The government has said its antitrust case will protect competition. Gates, who would have to give up half of a bifurcated Microsoft, said the case sends a message that "the government can take away what you have created if it proves to be too popular."

''I think this ruling flies in the face of what consumers experience every day - a high-tech economy that's lowering prices and bringing out lots of great new products," said Microsoft's billionaire co-founder, predicting victory on appeal.

Investors apparently weren't overly worried. Microsoft rose 87.5 cents to $70.50 a share during the regular session, then rose to $72 per share in after-hours trading.

Legal experts said there is no guarantee the Supreme Court will take the appeal, even if Jackson approves the government's request. The Justice Department is invoking a seldom-used law that allows cases of national importance to bypass the normal appeals process.

''The Supreme Court is not set up to wade through heavy records," said attorney Charles F. Rule, a Microsoft consultant who was the government's top antitrust enforcer from 1986 to 1989.

Rule predicted the high court would let the U.S. Circuit Court of Appeals for the District of Columbia sort out the details and identify any questions of law. The Washington-based lawyer said the process could take at least six months.

Jackson's tone - including his use of the term "guilty," not normally seen in civil cases - will be scrutinized on appeal, Rule said.

''What's troubling is, the judge seems to suggest he is imposing this remedy because Microsoft has indicated it intends to exercise its right of appeal. That's certainly not a basis for imposing punishment," said Rule.

Microsoft will oppose any short cut to the Supreme Court, said William Neukom, the company's lead attorney. His preferred battleground is the appellate court, where Jackson was overturned in a prior Microsoft decision. Analysts say a lengthy appellate review also would buy Microsoft precious time, both to gain footholds in new markets and to welcome a new president who might drop the entire case.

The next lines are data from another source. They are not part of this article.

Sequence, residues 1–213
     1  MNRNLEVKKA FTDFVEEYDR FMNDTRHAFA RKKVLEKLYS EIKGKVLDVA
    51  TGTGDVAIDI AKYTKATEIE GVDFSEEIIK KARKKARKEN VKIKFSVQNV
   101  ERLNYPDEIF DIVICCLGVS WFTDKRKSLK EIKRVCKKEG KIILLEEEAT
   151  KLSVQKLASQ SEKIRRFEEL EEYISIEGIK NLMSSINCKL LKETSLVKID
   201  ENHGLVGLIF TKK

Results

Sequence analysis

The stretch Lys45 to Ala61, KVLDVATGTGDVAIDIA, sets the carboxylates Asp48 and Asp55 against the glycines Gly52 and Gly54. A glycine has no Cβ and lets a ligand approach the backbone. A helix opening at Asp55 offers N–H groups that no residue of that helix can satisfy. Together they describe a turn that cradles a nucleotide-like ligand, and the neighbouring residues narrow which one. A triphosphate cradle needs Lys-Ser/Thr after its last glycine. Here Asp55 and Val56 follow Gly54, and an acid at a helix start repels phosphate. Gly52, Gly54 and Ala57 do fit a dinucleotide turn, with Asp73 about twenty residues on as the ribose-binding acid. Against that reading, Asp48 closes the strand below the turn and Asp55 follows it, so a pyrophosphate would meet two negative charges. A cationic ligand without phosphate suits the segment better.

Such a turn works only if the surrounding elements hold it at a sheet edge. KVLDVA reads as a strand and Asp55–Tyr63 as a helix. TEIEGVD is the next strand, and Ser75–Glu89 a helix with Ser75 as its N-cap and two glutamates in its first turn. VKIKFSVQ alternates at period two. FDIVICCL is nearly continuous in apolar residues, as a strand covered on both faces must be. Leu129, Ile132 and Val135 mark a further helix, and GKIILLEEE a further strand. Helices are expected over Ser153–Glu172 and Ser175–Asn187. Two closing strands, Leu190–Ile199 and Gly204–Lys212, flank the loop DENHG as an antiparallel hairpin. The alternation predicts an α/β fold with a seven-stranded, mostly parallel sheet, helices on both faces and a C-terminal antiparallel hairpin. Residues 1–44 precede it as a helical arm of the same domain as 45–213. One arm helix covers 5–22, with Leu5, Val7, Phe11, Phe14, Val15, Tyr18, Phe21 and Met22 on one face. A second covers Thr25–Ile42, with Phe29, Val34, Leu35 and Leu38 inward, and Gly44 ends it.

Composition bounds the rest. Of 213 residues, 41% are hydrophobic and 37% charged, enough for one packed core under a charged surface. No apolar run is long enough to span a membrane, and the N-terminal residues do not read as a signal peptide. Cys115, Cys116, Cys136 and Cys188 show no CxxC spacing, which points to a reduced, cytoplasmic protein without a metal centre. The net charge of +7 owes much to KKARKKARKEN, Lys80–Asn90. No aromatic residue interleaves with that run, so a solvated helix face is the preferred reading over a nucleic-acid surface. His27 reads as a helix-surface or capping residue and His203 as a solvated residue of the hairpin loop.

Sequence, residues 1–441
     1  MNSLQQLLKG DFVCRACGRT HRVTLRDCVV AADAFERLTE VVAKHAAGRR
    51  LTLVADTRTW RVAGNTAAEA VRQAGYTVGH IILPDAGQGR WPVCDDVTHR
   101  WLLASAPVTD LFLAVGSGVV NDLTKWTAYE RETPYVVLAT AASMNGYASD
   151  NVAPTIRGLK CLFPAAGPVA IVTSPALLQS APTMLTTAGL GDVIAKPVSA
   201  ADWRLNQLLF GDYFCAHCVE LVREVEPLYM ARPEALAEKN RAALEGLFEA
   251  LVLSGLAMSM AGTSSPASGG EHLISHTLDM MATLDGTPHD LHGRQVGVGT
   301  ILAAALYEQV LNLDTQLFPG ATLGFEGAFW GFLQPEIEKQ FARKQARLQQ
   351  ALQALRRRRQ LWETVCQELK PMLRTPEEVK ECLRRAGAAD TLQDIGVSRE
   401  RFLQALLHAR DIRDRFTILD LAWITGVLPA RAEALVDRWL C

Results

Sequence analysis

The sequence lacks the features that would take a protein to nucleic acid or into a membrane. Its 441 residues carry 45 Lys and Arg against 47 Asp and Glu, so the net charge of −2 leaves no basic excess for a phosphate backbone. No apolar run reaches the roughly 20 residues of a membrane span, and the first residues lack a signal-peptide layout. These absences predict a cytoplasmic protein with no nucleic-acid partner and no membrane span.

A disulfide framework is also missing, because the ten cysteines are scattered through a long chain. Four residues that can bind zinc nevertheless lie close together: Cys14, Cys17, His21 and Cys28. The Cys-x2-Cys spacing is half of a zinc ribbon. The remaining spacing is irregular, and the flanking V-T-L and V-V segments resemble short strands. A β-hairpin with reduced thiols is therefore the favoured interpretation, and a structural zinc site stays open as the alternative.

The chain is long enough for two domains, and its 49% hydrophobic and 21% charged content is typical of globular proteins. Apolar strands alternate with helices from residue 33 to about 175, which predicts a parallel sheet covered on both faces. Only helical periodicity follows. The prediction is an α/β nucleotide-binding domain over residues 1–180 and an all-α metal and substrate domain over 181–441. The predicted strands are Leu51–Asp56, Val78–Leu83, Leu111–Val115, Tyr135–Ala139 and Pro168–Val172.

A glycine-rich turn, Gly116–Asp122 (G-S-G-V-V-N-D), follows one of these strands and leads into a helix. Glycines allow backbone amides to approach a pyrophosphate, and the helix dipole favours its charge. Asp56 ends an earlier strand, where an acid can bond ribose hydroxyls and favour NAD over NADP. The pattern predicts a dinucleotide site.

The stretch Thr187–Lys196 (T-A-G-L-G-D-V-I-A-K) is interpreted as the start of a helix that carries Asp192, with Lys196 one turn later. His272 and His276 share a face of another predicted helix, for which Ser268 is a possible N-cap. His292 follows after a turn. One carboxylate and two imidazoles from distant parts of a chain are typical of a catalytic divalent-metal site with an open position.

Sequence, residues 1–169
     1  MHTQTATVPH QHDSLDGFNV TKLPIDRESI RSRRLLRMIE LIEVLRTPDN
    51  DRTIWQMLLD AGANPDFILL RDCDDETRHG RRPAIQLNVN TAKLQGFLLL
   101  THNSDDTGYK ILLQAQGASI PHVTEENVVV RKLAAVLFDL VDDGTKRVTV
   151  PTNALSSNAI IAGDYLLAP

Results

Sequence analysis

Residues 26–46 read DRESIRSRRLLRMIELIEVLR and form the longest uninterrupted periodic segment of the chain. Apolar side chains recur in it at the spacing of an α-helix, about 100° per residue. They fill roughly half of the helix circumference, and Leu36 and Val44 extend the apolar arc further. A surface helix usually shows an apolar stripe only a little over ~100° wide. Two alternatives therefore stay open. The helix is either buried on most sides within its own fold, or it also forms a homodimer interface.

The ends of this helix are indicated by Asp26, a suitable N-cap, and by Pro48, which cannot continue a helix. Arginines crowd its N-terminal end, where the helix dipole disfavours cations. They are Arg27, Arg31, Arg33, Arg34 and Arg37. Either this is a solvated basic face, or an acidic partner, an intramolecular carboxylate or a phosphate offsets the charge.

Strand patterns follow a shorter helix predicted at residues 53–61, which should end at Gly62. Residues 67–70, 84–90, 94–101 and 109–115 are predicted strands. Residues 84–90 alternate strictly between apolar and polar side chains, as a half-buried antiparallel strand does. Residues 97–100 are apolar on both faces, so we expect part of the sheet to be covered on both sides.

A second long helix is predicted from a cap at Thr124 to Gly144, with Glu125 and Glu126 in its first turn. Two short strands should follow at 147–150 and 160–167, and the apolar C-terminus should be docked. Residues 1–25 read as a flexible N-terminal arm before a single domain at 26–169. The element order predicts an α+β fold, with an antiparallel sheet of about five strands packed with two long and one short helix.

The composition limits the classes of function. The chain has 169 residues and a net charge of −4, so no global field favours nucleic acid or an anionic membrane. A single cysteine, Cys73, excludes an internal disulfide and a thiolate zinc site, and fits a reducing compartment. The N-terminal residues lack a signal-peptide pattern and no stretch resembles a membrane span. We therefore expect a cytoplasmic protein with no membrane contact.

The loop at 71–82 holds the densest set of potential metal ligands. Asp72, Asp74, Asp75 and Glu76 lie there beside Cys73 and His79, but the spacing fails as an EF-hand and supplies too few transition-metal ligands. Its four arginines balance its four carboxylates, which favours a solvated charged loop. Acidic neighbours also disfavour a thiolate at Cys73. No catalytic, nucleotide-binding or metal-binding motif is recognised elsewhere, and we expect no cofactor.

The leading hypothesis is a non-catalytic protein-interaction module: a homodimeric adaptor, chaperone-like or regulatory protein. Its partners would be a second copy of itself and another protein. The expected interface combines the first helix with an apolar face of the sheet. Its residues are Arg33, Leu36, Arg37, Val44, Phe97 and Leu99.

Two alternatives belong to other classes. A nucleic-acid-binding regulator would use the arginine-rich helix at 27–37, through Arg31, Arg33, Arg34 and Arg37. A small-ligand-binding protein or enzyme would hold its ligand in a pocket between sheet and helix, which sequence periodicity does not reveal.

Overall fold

The most tenacious fight is likely to involve disclosure of Microsoft's Windows source code, said Nicholas Economides , a professor of economics at New York University. "Giving away the source code is definitely a no-no for them," he said.

Economides questioned the consumer benefits of a breakup. He doubts a new Microsoft applications company can create an operating system to challenge Windows, which runs 90 percent of the world's personal computers. Nor does he see the free Linux operating system posing a serious threat. And consumers may wind up paying for the Internet Explorer browser, which they now get for free.

''It fails in all respects," he said of the breakup.

But Attorney General Janet Reno begged to differ. She said the ruling will have a profound impact, "not only by promoting competition in the software industry but by reaffirming the importance of antitrust laws in the software era."